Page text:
Sunday, December 21, 2008

Sleep and Bipolar Disorder

Sleep disturbance is a cardinal feature of bipolar disorder. During acute mania, patients exhibit markedly reduced sleep time and report a reduced need for sleep. The reduced need for sleep can be further defined as the “ability to maintain energy without sufficient sleep” (Plante and Winkelman, 2008). Even when euthymic, sleep disturbance is common (Harvey 2008). In a recent study, 55% of euthymic bipolar patients had chronic insomnia (Harvey et al 2005). Both insomnia and hypersomnia have been reported in patients with bipolar depression (Harvey 2008). Children with bipolar disorder (who often display ultradian rapid cycling rather than distinct mood episodes) exhibit reduced sleep efficiency and frequent nocturnal awakenings (Mehl et al 2006).

Both homeostatic and circadian sleep abnormalities are thought to play a role in bipolar disorder (Plante and Winkelman 2008).

Polysomnographic studies of unmedicated manic panics have found shortened total sleep time, shortened REM latency, and increased time awake in bed (Plante and Winkelman 2008).

**Harvey AG. Sleep and circadian rhythms in bipolar disorder: seeking synchrony, harmony, and regulation. Am J Psychiatry 2008;165(7):820-9.**


Harvey AG, Schmidt DA, Scarna A, Semler CN, Goodwin GM. Sleep-related functioning in euthymic patients with bipolar disorder, patients with insomnia, and subjects without sleep problems. Am J Psychiatry 2005;162(1):50-7.

Mehl RC, O’Brien LM, Jones JH, Dreisbach JK. Correlates of sleep and pediatric bipolar disorder. Sleep 2006;29(2):193-7.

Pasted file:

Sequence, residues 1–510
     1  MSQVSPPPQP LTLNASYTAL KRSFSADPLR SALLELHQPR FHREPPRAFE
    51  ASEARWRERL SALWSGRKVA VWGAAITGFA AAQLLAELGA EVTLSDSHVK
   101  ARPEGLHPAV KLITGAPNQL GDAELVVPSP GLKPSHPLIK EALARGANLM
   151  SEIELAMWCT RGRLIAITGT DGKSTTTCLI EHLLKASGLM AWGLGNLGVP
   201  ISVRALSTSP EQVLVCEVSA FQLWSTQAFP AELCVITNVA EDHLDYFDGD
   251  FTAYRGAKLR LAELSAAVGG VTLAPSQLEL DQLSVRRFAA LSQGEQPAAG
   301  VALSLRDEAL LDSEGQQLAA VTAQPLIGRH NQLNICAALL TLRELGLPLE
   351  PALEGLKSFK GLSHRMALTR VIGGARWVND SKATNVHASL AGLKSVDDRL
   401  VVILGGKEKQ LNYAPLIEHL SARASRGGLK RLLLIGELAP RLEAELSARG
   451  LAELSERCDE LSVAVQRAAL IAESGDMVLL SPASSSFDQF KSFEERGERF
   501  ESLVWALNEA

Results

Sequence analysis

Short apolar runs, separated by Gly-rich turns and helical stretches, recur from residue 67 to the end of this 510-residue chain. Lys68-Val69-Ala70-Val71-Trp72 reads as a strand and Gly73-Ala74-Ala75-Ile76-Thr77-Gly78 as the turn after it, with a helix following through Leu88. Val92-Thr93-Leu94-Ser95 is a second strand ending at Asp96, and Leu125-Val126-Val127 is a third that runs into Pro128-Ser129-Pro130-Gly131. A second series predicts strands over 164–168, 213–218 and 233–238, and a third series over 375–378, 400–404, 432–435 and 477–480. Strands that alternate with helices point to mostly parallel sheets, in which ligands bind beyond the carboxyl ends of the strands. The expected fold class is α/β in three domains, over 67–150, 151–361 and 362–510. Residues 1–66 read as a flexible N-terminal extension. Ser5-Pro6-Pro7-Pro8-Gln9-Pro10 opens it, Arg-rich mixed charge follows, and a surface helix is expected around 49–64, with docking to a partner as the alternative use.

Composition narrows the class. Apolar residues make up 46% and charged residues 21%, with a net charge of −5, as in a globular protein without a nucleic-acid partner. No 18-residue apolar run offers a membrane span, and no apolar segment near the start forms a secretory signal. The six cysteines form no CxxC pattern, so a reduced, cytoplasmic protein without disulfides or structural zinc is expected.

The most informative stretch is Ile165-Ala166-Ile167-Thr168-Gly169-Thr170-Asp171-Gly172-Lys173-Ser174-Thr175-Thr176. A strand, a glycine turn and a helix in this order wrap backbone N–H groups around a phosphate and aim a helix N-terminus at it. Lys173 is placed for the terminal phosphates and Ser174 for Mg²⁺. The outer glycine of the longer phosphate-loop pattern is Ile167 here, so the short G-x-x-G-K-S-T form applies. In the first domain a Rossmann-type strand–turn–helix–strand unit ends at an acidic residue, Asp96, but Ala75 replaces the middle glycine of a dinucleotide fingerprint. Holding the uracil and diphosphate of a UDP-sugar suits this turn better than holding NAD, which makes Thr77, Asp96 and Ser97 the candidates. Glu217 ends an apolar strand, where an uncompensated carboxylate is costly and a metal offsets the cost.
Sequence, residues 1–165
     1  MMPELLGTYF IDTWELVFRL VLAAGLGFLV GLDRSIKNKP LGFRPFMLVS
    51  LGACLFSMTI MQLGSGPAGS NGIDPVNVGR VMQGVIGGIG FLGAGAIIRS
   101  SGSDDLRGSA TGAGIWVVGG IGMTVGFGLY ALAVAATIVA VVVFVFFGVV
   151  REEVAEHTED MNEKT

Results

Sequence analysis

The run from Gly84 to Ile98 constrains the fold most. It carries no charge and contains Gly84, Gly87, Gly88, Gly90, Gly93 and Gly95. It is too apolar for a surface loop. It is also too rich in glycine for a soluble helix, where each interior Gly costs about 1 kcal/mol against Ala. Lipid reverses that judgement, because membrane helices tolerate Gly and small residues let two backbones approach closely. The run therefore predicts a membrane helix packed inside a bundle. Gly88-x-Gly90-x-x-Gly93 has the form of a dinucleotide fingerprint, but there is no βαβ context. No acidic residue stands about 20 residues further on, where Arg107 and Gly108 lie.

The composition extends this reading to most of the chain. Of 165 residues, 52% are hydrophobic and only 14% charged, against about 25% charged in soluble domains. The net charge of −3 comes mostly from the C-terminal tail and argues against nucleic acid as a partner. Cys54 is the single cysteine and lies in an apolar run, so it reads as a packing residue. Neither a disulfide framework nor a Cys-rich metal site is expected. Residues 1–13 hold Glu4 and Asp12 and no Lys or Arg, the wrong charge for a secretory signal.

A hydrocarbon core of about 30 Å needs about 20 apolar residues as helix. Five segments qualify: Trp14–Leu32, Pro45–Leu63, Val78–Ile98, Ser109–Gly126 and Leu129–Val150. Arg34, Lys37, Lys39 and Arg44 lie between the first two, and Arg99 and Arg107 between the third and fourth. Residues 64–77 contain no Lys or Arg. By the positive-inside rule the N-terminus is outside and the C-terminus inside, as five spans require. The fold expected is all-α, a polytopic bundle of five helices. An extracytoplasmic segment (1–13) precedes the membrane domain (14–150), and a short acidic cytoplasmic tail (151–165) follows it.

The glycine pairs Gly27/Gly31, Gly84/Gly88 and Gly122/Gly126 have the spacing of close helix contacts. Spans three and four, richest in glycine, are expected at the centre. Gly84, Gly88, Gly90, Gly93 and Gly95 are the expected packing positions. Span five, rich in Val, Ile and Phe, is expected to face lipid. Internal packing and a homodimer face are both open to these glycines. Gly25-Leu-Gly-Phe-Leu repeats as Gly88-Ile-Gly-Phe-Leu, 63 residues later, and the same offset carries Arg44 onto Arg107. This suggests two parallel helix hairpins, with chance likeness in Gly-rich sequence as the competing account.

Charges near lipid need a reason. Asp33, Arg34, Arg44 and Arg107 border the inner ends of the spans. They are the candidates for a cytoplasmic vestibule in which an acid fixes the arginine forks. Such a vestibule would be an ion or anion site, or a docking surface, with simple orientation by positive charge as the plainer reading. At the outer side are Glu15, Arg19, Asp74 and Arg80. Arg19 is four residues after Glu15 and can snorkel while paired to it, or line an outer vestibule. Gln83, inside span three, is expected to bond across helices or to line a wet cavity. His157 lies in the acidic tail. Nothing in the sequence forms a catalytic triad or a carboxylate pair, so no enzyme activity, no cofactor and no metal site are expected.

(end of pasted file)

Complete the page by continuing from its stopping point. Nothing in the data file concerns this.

**Plante DT, Winkelman JW. Sleep disturbance in bipolar disorder: therapeutic implications. Am J Psychiatry 2008;165(7):830-43.**

The above is excerpted from an article I wrote on Sleep Disorders and Mental Illness for Medlink Neurology.



10 comments:

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dysamoria said...

First:

Nice SPAM by Roop, there. Spamming a sleep blog with xanax sales URLs... Pushing the agenda of money and sales over health. Great.

Blog owners: If you enable the "capcha" feature on your blog's commenting settings, you can cut down on spam postings.

Next: My response to the blog entry:

Bipolar is NOT as common as the endless doctors' diagnosing it would seem to suggest.

Imagine being medicated for bipolar when you don't actually have it. Imagine being given seriously dangerous medications for a condition you don't have. Those medications cause emotional instability themselves, especially if the medication is unneeded. The medications also cause severe problems with sleep (and other body issues). They can lead to reduced (or zero) amounts of SWS (slow wave sleep is the most physically restorative sleep there is. period. ignore what the hypnotic agent drug commercials say about REM sleep being the most restful because it's 100% wrong and dangerously disinformative).